Washington (CNN) -- As several of Israel's neighbors deal with tumult in the streets, the Jewish state's President Shimon Peres will visit President Barack Obama for the first time in nearly two years, a White House press release said.
During a working lunch on April 5, the two leaders plan to discuss U.S.-Israeli security cooperation, recent developments across the Middle East, and the pursuit of peace between Israel and its neighbors, the White House said.
The longstanding friendship between Israel and the United States has become strained since Obama took office in 2009, often regarding the issue of Israeli settlements in the West Bank, the Palestinian-controlled territory annexed by Israel from Jordan in the Six Day War in 1967.
Last month, White House spokesman Jay Carney said the United States does "not accept the legitimacy of continued settlement activity" and that it is "corrosive not only to peace efforts and a two-state solution, but to Israel's future itself."
However, the United States vetoed a United Nations resolution branding Israeli settlement activity in the West Bank "illegal," causing Palestinian officials to label the U.S. policy "biased."
Both Israelis and Palestinians have been victimized in recent attacks in the West Bank, as the decades-long, on-and-off violence between the two groups has accelerated in recent weeks.
In addition, Israelis have been trading fire with Palestinians based in Gaza, the Hamas-controlled territory Israel captured from Egypt in the Six Day War, but then abandoned in 2005.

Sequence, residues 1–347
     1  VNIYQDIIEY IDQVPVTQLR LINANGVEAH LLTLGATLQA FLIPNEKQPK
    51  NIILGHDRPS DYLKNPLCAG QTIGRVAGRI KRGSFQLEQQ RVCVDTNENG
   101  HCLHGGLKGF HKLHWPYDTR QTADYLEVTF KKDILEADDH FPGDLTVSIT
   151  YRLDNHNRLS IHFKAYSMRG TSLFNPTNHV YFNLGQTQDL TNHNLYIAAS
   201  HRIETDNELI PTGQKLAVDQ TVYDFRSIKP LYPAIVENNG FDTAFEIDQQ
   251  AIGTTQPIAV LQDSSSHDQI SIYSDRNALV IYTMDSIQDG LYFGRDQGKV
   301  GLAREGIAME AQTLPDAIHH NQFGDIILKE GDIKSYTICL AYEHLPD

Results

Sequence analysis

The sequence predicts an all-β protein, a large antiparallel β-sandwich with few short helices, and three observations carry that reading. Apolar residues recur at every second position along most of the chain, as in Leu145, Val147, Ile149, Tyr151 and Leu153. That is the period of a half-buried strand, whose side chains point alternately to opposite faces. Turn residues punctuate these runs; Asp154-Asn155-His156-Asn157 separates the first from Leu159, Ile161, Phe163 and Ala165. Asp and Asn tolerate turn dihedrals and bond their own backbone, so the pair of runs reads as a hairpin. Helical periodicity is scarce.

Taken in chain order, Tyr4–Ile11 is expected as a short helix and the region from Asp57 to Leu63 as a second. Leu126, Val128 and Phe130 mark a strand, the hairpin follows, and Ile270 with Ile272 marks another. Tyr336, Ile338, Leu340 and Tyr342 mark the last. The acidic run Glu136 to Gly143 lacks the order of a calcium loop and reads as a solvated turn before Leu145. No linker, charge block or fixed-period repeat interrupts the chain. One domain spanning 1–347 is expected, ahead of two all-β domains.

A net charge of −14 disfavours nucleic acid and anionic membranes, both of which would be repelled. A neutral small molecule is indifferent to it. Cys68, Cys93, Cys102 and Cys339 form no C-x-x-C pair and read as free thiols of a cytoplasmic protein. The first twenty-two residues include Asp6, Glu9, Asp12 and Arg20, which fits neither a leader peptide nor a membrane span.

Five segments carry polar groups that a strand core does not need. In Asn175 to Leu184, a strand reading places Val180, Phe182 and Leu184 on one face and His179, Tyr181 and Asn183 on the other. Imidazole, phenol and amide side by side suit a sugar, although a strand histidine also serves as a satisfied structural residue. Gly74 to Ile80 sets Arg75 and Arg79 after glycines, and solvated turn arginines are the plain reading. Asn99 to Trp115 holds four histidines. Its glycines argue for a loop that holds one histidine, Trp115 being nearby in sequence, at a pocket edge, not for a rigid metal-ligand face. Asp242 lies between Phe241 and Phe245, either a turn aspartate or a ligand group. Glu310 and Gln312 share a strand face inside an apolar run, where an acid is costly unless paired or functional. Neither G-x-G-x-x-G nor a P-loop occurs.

Israeli airstrikes in southern Gaza killed one Palestinian and seriously wounded another Wednesday morning, Israeli and Palestinian officials said.
The Israeli military said it had "targeted and hit a terrorist squad... which had launched rockets towards Israeli communities."
The exchanges on the Gaza border, as well as the first bombing in Jerusalem since 2004, have inflated tensions in Israel. But then, tension has become the norm across the region in 2011, with everything from isolated protests to full-scale revolutions sweeping Arab countries across North Africa and the Middle East.
The ongoing turmoil in Syria, to Israel's northeast, is of special concern in Israel. Syrian President Bashar al-Assad is blaming a tide of dissent on an alleged Israeli conspiracy.
"The [Assad] regime, if things really start to get desperate, could turn matters south with some sort of provocation against Israel," said Jonathan Spyer, an analyst who used to work in the Israeli prime minister's office.
On Israel's western border, the recent ouster of Egpytian President Hosni Mubarak, who always had honored the 1978 Camp David Accords between Egpyt and Israel, has not led to any breach of that peace treaty.
CNN's Kevin Flower and Shira Medding contributed to this report